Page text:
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Sherri Hrycay, a hat maker and the owner of Sova Design in Saskatoon.
Sherri Hrycay, a hat maker and the owner of Sova Design in Saskatoon.

Grow: Mia Pearson

Hat maker tells a good story Add to ...

Just as the clothes we wear can make a powerful statement about who we are, the same is true for what our communications practices say about our businesses.

So I was inspired recently when I heard about Sherri Hrycay, a Saskatoon-based milliner whose approach to communications is as unique as the hats she makes.

I write a lot about the power of a strong digital marketing campaign, but that doesn’t for a second take away from the importance of integrating savvy traditional tactics into everyday communications.

Take Ms. Hrycay, for example. As a hat maker and the owner of Sova Design, she has done everything she can to elevate her craft – she even travelled to Britain to study with Rose Cory, hat designer for the late Queen Mother.

Ms. Hrycay’s motive for studying with Ms. Cory was purely professional: she wanted to ensure she had all the training and experience to make beautiful, original fashion pieces. But she also knew she had a great story to tell, so she shared it with her local paper.

“After this happened, I started getting more and more phone calls,” Ms. Hrycay says humbly, adding she has since developed a strong relationship with the local news organization and she is now often written about or quoted as a thought leader in fashion stories. “The local reporter has been so good to me. Every season she’ll interview me … and she likes to follow along with my career.”

Ms. Hrycay frequently travels for shows, and this month she received her first invitation to participate in Vancouver Fashion Week – a major achievement.

Her hand-crafted hats align with her very traditional approach to communications. “I’m old school,” she says. “I’m really about appreciating every tiny detail, and that’s how I communicate and that’s how I run my business.

“Anybody who has helped me out, like a graphic designer, or a photographer, or a reporter, is not just someone I’ve worked with – they become my friends. I’m extremely loyal to anyone who is loyal to me.”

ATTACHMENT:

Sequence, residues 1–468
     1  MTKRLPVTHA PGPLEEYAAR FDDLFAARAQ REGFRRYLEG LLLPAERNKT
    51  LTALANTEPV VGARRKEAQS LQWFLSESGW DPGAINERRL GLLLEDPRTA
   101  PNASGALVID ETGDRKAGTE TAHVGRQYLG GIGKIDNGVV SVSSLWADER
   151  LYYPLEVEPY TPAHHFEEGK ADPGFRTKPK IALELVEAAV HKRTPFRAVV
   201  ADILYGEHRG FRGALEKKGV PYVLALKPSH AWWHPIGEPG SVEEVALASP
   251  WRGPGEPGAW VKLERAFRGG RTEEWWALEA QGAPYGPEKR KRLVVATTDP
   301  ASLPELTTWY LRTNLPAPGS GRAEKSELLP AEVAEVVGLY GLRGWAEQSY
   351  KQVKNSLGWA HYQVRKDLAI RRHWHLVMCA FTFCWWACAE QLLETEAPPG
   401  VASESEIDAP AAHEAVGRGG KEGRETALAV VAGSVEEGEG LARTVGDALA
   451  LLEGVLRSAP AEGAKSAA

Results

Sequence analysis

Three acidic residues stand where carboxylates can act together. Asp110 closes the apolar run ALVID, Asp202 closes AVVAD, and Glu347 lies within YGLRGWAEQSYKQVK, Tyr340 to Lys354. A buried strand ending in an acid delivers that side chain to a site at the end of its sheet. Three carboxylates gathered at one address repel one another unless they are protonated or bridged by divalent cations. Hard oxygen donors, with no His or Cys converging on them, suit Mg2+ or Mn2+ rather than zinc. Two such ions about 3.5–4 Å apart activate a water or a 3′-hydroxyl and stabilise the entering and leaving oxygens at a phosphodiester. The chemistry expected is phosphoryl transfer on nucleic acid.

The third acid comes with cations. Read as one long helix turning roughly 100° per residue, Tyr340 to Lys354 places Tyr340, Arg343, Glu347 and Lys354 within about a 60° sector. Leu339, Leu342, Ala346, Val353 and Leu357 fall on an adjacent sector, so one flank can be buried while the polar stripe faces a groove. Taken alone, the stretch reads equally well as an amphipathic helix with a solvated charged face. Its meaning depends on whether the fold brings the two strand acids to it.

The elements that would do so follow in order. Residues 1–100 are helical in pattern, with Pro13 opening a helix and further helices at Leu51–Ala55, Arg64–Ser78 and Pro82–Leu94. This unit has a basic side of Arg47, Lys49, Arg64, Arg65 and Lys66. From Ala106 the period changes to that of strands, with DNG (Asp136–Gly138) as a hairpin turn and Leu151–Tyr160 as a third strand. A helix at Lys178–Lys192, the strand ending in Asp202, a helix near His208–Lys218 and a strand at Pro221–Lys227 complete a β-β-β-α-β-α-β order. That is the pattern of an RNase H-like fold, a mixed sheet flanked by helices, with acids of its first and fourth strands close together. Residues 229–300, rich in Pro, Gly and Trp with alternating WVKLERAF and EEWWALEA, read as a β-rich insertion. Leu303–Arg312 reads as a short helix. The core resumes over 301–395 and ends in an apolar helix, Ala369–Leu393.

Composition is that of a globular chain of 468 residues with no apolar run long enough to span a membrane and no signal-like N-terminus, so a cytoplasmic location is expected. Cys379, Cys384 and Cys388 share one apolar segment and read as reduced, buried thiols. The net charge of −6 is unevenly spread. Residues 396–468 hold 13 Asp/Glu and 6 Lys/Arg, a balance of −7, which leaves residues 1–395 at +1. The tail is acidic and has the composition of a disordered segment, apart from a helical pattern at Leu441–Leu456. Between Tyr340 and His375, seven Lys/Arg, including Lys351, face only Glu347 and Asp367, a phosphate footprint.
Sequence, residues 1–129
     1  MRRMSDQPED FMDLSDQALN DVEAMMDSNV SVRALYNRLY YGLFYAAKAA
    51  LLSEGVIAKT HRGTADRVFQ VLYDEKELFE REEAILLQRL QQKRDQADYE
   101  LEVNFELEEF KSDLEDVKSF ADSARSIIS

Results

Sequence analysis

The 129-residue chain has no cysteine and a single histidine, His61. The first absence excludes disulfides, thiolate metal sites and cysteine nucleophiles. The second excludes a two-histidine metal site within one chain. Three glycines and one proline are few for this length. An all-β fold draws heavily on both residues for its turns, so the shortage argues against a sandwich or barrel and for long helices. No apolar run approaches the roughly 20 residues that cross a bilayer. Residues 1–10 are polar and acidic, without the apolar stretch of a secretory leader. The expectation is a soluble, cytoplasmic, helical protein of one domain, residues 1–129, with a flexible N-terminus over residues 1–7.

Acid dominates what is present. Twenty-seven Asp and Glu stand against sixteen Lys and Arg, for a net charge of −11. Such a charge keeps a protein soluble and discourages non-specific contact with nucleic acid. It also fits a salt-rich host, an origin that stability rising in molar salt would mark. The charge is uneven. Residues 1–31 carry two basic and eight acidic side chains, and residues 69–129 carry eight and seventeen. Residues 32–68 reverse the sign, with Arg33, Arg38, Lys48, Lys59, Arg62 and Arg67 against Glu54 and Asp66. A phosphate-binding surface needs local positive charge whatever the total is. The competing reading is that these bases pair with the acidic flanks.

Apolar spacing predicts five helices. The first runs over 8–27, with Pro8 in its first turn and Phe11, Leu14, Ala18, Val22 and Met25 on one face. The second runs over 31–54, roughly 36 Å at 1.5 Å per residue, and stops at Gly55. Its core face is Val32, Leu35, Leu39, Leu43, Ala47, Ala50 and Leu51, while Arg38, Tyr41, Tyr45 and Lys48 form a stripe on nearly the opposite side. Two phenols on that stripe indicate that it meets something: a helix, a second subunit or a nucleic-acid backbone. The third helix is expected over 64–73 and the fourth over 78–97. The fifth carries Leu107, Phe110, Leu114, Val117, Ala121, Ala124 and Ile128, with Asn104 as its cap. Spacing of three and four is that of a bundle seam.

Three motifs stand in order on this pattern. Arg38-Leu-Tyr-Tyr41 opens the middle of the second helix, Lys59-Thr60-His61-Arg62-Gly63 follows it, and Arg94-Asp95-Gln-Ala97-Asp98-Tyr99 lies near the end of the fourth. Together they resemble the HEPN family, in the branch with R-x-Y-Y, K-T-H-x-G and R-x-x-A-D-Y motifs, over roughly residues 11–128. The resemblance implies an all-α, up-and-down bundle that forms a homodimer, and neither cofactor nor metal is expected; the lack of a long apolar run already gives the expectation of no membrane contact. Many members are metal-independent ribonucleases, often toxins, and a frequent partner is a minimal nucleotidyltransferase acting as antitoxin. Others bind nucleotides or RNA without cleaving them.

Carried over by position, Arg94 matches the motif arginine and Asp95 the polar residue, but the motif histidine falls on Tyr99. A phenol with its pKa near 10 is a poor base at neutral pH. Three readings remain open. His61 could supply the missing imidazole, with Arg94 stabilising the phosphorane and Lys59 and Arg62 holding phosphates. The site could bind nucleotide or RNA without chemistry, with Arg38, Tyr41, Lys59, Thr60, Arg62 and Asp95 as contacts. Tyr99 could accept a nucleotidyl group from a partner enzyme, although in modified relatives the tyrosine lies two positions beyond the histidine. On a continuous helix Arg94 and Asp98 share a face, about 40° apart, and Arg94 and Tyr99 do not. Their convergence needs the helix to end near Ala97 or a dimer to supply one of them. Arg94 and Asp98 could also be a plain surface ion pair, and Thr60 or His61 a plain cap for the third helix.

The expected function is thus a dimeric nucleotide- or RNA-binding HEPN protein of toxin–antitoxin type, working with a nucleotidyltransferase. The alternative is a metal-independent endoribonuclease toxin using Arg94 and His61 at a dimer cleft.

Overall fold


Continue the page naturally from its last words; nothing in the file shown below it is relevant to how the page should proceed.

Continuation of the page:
It seems like a simple thing: business owners know they need to be able to articulate their brand promise in a compelling way if they are going to grab the attention of their audience. But Ms. Hrycay does it with such warmth and passion that she has naturally created an honest and effective communications plan.

She says she believes the best response she will ever get from her audience is if her message is delivered in person, she never leaves home without a beautiful hat on, and she fully invests herself in creating long-standing, mutually beneficial relationships.

This has garnered Sova Design a respectable amount attention in a short period of time, and with a royal wedding that I’m sure will be full of beautiful hats just around the corner, I expect that attention will only grow.

What Ms. Hrycay teaches us is this: no matter how small or unique your offering is, you always have a story to tell.

Special to The Globe and Mail

Mia Pearson is president of the Canadian region for Fleishman-Hillard Canada and its sister company, High Road Communications. She has more than two decades of experience in creating and growing award-winning communications agencies. Her experience spans many sectors, including financial, technology, consumer and lifestyle. She works in partnership with her clients to build brands, mitigate risk and shape communications strategies.

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Follow on Twitter: @miapearson

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